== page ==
The turquoise parakeet is one of more than 30 species of parakeet native to Australia. Its scientific name is Neophema pulchella. Parakeets are a small subspecies of parrot that feature long tails, and the turquoise parakeet typically grows to be nearly 8 inches (20 cm) long. The turquoise parakeet has alternately been called the chestnut-shouldered parakeet, turquoisine grass parrot, or chestnut-shouldered grass parakeet. This species is considered vulnerable because its habitat has been reduced due to grazing and logging activities, as well as by wildfires.
A turquoise parakeet is brightly colored, ranging from green to turquoise or bright blue with yellow markings. Male birds have blue heads and faces with a patch of red on the wings, while females have muted colors and no red patches. Like all parakeets, this bird features a long tail and hooked bill. In the wild, the turquoise parakeet feeds on seeds, fruits, and flowers that grow near the ground. These birds tend to live near a water source, although they generally only drink water one time per day.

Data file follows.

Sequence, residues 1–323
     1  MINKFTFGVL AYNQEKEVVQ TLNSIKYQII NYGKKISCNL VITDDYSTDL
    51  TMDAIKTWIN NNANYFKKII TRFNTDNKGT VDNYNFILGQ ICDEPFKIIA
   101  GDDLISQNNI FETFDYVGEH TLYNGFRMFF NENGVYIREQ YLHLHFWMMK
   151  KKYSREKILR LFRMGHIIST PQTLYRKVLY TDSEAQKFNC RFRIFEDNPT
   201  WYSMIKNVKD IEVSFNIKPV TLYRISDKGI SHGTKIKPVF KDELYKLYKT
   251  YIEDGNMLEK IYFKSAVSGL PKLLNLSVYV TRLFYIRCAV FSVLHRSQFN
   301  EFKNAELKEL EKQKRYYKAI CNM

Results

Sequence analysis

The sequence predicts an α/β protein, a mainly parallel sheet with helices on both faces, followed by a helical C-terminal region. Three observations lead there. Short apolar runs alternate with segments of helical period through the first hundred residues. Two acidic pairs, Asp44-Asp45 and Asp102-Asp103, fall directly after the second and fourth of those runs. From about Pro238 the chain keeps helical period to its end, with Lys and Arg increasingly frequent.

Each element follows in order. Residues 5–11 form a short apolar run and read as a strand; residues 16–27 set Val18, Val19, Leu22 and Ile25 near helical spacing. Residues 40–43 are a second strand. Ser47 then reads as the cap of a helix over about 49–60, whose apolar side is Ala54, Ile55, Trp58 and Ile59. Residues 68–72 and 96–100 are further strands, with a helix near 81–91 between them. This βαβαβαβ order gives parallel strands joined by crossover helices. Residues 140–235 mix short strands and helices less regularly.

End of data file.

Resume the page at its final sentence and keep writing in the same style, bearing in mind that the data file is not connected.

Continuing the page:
There are a total of 120 different types of parakeets. Two Australian species that are most commonly kept as exotic pets are cocketiels and budgerigars, often known as budgies. These are said to be intelligent and affectionate pets. Some types of parakeets have the ability to mimick human sounds, including words and whistles. Small breeds such as the turquoise parakeet can often live for 12 years or longer in captivity.
Parakeets are very social creatures and are often found in pairs in the wild. Many experts advise owning a pair of birds to avoid isolation that can lead to boredom or ill health. Owners should expect to spend at least half an hour of quality interaction with their parakeets every day, in addition to providing toys, perches, and items to chew within the cage. Pet parakeets also require a large cage as well as the opportunity for daily exercise outside of their cages. The cage should be placed off the floor at human eye level and away from drafts or direct sunlight.
As pets, parakeets require fresh water and food every day. In addition to a sufficient amount of bird pellets as their primary nutritional source, parakeets enjoy a variety of fresh foods, including mealworms and dandelions as well as mangoes, peanuts, corn, or apple slices. Some human foods are harmful to parakeets, such as grapefruit, rhubarb, cabbage, avocadoes, lemons, and dried fruit.